Our biggest problem was uniforms and getting information out to those trying to get into the hobby. In 1982 I played around with getting things for people to use. I would gather up spare gear but then would forget who I got it for, so I created Great War Militaria to start disseminating the stuff. I put out a very small catalog (8 pages) to start. WWI weekends found my house flooded by people – making the neighbors set up and notice all the soldiers coming and going, plus hosing themselves down in my back yard with a garden hose!
Eventually (about 1985) I added a uniform line to make what we needed for the hobby to survive. I was still working full time at Letterkenny Army Depot on the Hawk & Patriot Missile systems, so I put in 18 hours days until 1989, when I quit and went full time.
Making uniforms meant having the wool made. It was an expensive proposition, having to buy 500 yards of wool at a time. To even break even we had to sell half of it. It was not very profitable, but it kept the hobby moving forward. Eventually French became a passion and I added it to our line of products.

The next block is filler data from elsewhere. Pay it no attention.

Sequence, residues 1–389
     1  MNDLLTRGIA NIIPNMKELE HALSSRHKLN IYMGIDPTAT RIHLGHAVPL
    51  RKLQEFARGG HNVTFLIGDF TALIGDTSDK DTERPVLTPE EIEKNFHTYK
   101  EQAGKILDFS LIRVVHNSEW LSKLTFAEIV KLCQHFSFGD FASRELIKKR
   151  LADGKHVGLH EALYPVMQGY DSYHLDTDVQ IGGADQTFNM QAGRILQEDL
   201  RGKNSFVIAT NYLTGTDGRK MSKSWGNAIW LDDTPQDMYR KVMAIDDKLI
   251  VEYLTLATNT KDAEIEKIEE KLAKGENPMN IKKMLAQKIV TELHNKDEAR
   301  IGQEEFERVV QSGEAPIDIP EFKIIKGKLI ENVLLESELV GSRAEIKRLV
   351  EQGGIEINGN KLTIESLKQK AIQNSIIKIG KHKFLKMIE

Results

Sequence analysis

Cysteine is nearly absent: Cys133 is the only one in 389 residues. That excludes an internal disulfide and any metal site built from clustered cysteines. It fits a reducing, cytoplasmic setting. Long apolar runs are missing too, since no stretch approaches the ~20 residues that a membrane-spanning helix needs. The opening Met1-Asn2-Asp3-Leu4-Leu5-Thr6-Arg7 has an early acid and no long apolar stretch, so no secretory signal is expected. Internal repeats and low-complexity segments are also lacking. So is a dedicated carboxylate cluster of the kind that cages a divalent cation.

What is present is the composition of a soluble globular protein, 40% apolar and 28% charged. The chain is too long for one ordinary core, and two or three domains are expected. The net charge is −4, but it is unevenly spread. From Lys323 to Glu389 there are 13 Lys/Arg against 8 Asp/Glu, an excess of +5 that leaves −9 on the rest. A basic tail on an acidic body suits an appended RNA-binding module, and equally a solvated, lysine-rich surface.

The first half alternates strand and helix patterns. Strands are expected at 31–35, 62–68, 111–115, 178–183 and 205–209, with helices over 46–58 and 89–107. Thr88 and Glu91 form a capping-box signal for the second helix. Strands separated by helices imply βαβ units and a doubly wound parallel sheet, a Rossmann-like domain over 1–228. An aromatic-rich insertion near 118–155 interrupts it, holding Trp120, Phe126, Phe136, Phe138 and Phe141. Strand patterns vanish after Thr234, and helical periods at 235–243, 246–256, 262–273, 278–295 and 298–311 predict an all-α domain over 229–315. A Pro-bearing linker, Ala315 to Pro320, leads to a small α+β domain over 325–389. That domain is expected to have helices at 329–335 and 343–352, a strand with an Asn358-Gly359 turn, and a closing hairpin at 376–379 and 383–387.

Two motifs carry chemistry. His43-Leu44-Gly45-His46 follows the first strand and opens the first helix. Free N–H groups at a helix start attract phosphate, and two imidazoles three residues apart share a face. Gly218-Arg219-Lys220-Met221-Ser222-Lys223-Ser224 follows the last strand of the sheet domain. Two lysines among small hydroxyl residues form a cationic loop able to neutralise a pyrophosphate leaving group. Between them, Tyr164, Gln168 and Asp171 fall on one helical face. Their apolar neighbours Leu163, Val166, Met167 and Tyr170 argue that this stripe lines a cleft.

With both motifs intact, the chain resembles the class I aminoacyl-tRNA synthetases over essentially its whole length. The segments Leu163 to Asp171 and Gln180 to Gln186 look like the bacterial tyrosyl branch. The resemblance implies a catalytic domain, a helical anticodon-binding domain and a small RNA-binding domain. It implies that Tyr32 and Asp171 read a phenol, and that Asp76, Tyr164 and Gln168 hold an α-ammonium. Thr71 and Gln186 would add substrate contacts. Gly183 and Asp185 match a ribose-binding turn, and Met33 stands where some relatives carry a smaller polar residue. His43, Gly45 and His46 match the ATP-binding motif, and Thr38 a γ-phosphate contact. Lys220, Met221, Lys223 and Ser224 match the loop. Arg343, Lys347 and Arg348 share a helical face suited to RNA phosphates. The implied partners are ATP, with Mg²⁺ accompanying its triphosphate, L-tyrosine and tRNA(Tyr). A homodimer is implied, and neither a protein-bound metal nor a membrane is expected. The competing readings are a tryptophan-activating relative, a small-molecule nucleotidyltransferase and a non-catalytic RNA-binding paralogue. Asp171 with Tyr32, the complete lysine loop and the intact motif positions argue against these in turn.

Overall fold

Shimpstown holds fond memories. It brought some very talented people to it – ones capable of creating many things. We had our first “fly-in” with WWI planes at that place. It was kept a secret until Saturday morning when Fred Junclaus(in a 3/4 scale SE-5) chased a red triplane (Fred Murrin) down through the center of no-mans-land just as the fog was lifting. It was a total surprise to everyone. Those that saw it will never forget it.